Injury risk also rises dramatically from overuse. Playing one sport continually doesn't allow the body to rest those movements, putting muscles and joints at risk. One of the most common overuse injuries is Tommy John surgery among young, year-round baseball players.
Skillsets also cross sports. Many of the world's best athletes have fostered their skills while playing sports other than the one they went pro in.
Two-time NBA MVP Steve Nash has some of the best vision in NBA history. Many say he saw the game of basketball multiple steps ahead like a soccer player, the game he grew up playing in Canada.
Three-time Pro Bowl wide receiver DeSean Jackson helped hone his world-class speed as a track and field athlete, while he developed his elite ball tracking ability playing baseball.
Four-time NBA MVP LeBron James was an all-state wide receiver in Ohio his first two years of high school, while Pro Bowl tight ends Antonio Gates and Jimmy Graham played basketball through college.
This is also true for cardiovascular health. Being in basketball shape is different than soccer shape, which is different from football shape. Developing the different cardio zones is extremely beneficial in young athletes.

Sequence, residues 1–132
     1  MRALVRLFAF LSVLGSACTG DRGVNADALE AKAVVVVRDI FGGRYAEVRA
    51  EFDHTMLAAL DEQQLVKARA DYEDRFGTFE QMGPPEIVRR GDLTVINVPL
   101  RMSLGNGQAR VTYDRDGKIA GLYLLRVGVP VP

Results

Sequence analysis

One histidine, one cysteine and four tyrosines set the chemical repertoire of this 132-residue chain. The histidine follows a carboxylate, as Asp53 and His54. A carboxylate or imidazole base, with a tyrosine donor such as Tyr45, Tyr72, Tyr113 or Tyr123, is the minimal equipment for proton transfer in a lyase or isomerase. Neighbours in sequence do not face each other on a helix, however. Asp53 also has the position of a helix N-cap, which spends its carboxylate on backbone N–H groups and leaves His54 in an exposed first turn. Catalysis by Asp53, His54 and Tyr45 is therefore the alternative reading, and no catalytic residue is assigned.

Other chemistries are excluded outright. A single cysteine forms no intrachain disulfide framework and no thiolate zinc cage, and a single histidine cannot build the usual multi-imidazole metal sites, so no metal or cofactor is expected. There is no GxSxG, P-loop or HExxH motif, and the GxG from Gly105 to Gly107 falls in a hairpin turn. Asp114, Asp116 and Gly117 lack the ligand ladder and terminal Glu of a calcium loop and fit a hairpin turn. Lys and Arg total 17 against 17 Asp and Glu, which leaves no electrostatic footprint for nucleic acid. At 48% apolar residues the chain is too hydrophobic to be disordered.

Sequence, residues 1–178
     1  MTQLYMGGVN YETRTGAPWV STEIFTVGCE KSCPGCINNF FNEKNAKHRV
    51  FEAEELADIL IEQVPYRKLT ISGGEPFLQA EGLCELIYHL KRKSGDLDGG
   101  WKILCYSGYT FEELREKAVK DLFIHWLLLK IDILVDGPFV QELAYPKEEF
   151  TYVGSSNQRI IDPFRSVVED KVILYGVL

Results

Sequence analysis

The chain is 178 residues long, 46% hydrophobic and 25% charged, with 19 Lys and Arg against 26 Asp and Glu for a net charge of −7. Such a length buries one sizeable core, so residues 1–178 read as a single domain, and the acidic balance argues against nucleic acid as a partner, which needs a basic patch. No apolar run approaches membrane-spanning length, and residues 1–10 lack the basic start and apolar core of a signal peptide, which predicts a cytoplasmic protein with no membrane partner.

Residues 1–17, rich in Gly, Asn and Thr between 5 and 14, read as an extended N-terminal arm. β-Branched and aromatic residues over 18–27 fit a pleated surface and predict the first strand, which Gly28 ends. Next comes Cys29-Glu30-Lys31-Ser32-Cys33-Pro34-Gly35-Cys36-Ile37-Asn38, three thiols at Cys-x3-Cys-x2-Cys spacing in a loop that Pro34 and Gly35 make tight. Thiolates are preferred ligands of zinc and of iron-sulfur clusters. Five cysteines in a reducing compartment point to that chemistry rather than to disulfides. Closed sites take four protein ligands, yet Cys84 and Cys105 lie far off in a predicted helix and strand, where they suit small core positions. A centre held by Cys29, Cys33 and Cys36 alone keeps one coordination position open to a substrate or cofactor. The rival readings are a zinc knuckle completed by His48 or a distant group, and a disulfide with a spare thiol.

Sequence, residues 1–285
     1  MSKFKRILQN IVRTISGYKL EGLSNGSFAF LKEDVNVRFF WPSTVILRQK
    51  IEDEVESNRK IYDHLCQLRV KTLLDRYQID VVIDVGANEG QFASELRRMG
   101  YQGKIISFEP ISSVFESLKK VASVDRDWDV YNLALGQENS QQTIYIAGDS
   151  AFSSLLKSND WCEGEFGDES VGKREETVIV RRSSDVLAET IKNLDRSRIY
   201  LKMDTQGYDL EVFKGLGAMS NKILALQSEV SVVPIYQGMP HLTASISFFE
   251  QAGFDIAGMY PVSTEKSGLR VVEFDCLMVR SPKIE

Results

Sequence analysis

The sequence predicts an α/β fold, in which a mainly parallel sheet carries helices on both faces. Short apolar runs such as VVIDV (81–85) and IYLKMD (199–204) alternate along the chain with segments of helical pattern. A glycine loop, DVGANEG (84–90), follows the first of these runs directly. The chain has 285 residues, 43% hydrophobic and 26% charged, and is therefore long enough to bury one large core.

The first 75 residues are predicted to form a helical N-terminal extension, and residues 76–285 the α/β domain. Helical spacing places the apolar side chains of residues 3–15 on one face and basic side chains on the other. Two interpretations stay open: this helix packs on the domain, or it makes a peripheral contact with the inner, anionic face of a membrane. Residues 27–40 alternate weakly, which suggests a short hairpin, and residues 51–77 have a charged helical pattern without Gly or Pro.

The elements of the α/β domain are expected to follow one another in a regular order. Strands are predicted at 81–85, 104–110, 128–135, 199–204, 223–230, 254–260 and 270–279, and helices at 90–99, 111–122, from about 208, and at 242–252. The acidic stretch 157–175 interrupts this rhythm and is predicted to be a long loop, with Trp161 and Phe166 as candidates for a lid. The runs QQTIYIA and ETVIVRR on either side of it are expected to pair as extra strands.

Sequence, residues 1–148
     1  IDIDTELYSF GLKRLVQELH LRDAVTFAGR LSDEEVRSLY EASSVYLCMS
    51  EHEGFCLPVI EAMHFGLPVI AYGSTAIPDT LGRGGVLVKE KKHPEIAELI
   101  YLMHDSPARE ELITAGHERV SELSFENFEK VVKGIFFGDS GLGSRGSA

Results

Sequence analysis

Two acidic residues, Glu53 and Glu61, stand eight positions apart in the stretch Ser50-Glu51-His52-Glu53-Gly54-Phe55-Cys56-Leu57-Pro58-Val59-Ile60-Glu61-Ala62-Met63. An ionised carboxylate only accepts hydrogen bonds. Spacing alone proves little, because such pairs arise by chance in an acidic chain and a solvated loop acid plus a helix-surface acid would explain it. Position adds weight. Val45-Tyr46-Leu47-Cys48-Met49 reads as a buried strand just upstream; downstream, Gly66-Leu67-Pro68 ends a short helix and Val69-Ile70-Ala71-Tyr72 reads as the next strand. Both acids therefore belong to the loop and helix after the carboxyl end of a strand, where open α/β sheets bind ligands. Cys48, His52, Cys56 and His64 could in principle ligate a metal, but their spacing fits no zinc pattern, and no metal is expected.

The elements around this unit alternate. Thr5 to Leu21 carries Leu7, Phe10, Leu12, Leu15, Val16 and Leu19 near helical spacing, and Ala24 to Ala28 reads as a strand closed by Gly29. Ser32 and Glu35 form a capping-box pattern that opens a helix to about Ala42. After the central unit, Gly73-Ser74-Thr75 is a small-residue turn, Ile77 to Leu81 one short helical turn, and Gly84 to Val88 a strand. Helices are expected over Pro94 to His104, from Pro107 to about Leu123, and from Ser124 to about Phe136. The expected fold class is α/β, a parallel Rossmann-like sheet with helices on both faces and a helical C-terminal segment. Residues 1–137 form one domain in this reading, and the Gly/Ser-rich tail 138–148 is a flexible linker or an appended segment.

As for when to specialize—the advice is simple: Listen to your kid. By the time your child develops the fine motor skills to develop a real skillset in a particular sport they'll also have a sense of self and be able to tell you where their passions lie.
Early development is all about developing basic athletic skills. The more sports a child plays the more chances they have to develop into a well-rounded athlete.
For more tips and information, listen to the multi-sport training edition of the Train With The Best Podcast with Craig Hoffman, Buffalo Bills Pro Bowl Linebacker Lorenzo Alexander and his trainer Chris Gorres.
Craig Hoffman is a certified personal trainer and Explosive Performance Coach at OneLife Fitness in Reston, VA. He's also a radio host at CBS Radio's 106.7 The Fan in Washington, DC.
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